Quantitative Analyst Interview questions
Are you preparing for an interview for a quantitative role and have no idea of what to expect? Look no further! In this chapter, we will show the types of questions you should expect to face in a quantitative job interview. Building on this, in the next chapter we will give you primers for Mathematical Finance, Econometrics and Statistics, which will cover some basics all prospective Quantitative Analysts must be familiar with.
Many of the questions in this chapter do not relate to quantitative finance in any kind of direct way. However, they are designed to test your ability to think through quantitative problems. These questions demonstrate that being an effective Quantitative Analyst does not simply equate to having detailed knowledge of complex formulas. Rather, you need to be able to think on your feet, and these questions test that ability.
Know that almost all of your interview questions will relate in some form to mathematics, statistics, econometrics or programming. Think of interviewing as an opportunity to demonstrate how many skills you have accrued in these areas. Do not be upset if there is some area covered in an interview question that you’ve never been exposed to—the goal is not to demonstrate that you know everything. It is to demonstrate that you know a lot, and you know how to work with the knowledge that you do have. Keep your answers focused, but include relevant techniques you might incorporate into solving a problem, and be prepared to explain how you’d use such methods.
Here’s an example. Are you being asked to value a customized stock option? Talk about the valuation framework, and how you might forecast future prices using a Monte Carlo simulation technique. (What type of drift and volatility process will your simulation incorporate?) Remember that you should be prepared to fully detail any concept you mention during a conversation. Don’t use the phrases “Markov process”, “risk-neutral measure” or “Bayesian inference” unless you’re prepared to explain these topics. Even if you don’t answer a specific question correctly, talking about other concepts you’re familiar with during the interview process may give you an opportunity to “redeem” yourself.
And don’t be afraid to ask questions, too! An intelligent question—whether about how something is modeled, how portfolio risk is calculated, or how an asset is valued can go a long way to proving that you are the type of employee who will be engaged and willing to go the extra step to solve unanswered questions or improve an existing process.
Basic Personality/Standard Interview Questions
In any interview, expect the hiring manager to request that you “walk” them through your resume. The interviewer may be asking you this because he or she did not have time to read through your resume before meeting you. Or, he or she may want to see which areas of your background you choose to focus on, and how effectively you communicate. Either way, this is your opportunity to show why your past experience makes you a fit for this job. Emphasize any classwork, projects, work or teaching experience that is relevant to the Quant world.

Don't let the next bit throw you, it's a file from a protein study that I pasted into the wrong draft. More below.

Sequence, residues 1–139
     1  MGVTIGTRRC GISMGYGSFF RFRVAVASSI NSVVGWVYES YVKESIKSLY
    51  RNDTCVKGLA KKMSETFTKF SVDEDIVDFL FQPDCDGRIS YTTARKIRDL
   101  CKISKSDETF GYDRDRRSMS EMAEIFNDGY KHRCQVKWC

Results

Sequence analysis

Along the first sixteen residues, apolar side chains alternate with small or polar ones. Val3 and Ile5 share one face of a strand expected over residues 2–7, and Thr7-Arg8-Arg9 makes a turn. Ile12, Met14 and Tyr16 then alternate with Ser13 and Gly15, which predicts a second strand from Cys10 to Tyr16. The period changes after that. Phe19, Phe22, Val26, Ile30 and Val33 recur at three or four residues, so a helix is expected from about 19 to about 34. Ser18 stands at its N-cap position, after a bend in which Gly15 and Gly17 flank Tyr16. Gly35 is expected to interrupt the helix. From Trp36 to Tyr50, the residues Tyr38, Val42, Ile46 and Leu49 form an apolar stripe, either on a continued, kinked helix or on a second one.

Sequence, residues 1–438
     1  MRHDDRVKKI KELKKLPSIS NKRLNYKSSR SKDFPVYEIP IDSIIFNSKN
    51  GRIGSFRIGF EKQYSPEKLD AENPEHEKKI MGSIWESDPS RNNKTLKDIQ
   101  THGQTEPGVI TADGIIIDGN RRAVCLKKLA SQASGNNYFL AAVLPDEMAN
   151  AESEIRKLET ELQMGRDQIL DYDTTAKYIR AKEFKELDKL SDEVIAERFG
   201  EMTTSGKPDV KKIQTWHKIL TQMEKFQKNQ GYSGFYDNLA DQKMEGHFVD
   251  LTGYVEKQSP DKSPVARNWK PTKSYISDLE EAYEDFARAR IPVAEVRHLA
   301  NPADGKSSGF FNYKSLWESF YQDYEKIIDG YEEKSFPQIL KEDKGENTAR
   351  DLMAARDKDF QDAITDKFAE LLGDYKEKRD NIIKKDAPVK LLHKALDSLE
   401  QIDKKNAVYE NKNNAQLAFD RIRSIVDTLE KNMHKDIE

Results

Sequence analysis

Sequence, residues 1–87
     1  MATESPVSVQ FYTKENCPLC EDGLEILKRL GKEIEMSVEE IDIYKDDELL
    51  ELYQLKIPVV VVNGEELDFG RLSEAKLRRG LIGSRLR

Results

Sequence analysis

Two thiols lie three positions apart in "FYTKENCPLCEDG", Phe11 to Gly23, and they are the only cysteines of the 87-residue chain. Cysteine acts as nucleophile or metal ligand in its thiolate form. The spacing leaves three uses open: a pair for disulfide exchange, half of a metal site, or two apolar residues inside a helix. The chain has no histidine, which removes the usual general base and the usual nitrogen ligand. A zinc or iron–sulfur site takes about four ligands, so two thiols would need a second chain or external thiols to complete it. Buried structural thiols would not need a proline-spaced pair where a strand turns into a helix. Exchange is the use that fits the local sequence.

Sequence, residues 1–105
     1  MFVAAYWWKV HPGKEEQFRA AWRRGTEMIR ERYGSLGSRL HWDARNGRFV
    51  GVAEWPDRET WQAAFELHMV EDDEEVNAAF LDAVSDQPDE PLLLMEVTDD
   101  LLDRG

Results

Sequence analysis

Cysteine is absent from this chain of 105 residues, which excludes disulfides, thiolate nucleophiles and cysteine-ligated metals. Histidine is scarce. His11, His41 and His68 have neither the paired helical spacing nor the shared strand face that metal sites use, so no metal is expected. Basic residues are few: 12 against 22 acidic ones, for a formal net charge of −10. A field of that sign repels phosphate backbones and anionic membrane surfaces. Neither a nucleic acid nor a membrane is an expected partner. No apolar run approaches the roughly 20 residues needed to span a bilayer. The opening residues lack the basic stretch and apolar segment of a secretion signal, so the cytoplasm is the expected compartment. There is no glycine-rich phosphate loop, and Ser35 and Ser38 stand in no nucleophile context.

Note that for non-technical questions, it is not just the content of your responses that matters—just as important is the manner in which you verbalize them. Are you confident? Are you at a loss for words? Be quick on your feet, but be thoughtful as well.
Some other questions in this area might include:
- Tell me something about yourself that is not listed on your resume.
- What is the riskiest thing you’ve ever done?
- Are you more risk-averse or risk-seeking? Give me an example.
- What is your greatest weakness?
- How do you feel about waking up early or staying up late?
- What are your interests outside the classroom/office?
- Why should we hire you?
- What is your favorite class that you took?
- Who has personally influenced you the most? Name someone whom you’ve never met who’s been a strong influence.
- Tell me about your biggest failure or a period of adversity.
- Discuss a difficult ethical decision you recently faced.
- What’s the last book you read?
Brainteasers/Quantitative Interview Questions
As we mentioned, most interview questions will relate in some form to mathematics, statistics, econometrics or computer programming. You may get finance-specific questions if you’ve studied finance at university or worked in finance before, but the main goal of the interview will be to determine your ability to think through quantitative concepts. Don’t be afraid to ask questions if you need help, and just as you would in school, when you are faced with challenging questions given in this chapter, always show your work, and explain your thought process.
Here are some examples.
If you look at a clock and the time is 12:15, what is the angle between the hour and the minute hand?
We know that at 12:15 the angle is slightly less than ¼. Why? Because the hour hand needs to move from “12” to “1” over the course of an hour, the hour hand is a little past 12 (and thus the angle is a bit less than 90). Start off with the basics – a clock, which is a circle, is 360 degrees.
Each hour on the clock represents 30 degrees (360 degree clock divided by 12 hours).
Now, the minute hand has only moved ¼ of the way through the hour (the minute hand is at 15, which is ¼ of the way around), so the hour hand has moved 7.5 degrees (30 degrees per hour times ¼ move in the minute hand). Now we know the hour hand moved 7.5 degrees, so the answer is 82.5 degrees (90-7.5).